The ambitious decorative scheme on this type of vase required the involvement of numerous factory artists, each one responsible for a different area of the decoration such as the painted arabesques, the gilding, the grisaille medallions and the mythological scenes, the latter handled by the peintre en sujet. The archives indicate that this work was mostly executed by experienced artists including Perrenot l’aîné, Nicolas-Pierre Pithou le jeune, Etienne-Henry Le Guay, Pierre-André Le Guay and Geneviève-Julie Boitel. The two mythological scenes on this example were probably painted by Perrenot after engravings inspired by paintings that were displayed in the Galerie de Peinture du Régent, Philippe duc d’Orléans. The source engravings were published in le Recueil du Palais Royal between 1786 and 1808. Jacques Bouillard’s engraving is after a painting by Giuseppe Cesari (otherwise known as Le Cavalier d’Arpin) and represents Suzanna and the Elders. However, for the vase Perrenot adapted the composition and omitted the old men from his interpretation. For the other scene, depicting Jupiter and Danae, Perrenot uses an engraving by Philippe Trière, after the painting by Correggio, now preserved in the Galleria Borghese in Rome.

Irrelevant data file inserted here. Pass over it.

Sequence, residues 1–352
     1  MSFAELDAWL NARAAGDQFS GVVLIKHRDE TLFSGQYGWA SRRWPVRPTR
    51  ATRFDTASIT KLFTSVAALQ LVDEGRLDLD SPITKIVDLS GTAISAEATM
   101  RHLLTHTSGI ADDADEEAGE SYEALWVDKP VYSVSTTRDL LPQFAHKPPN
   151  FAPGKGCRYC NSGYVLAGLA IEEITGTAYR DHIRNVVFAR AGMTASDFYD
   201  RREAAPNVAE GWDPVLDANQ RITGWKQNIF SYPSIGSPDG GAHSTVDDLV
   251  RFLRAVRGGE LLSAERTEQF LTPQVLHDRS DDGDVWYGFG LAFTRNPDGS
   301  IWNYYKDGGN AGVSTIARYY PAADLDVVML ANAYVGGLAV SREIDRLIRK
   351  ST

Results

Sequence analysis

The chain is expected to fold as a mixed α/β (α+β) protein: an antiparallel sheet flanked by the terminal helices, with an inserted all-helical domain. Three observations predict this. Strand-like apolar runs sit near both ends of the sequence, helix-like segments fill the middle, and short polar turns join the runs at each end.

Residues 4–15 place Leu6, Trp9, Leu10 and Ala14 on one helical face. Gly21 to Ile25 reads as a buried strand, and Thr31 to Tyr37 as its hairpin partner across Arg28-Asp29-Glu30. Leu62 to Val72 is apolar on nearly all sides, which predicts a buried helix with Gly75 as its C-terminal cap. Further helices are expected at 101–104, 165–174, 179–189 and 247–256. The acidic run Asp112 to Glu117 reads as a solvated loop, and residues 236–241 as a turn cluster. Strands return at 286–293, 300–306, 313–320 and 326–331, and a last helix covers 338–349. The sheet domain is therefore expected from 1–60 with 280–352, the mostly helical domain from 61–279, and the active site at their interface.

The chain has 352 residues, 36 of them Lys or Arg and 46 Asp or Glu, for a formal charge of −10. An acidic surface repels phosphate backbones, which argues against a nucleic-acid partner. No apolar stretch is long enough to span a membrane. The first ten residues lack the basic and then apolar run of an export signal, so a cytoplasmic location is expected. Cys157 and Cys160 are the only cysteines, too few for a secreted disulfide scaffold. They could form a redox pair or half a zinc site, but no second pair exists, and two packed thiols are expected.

In the Sèvres archives and other related publications, the difference between the Lagrenée, Japon and Jacques vases shapes can be quite indistinct. However, if we consider the names attributed to the various preparatory drawings (Japon and Jacques being used for the same form), the names mentioned in the painters’ work records, in the sale room entries and sales records, the different selling prices and the various sizes (particularly the mention of a grand vase forme Lagrenée), we can confirm that the vase presented here is a ‘Lagrenée, premiere grandeur’. It was created in three sections and at least two different sizes were produced: the larger first size or 1ère grandeur, measuring approximately 70 cm. high and the smaller second size or 2ème grandeur, approximately 42.5 cm high. The first vase of this shape to be produced corresponds to the smaller size and is documented in the records on the 8 August 1798. The form is based on that of an antique Krater vase, described in the Sèvres archives as a ‘Vase cratériforme godronné à anses sur socle carré’.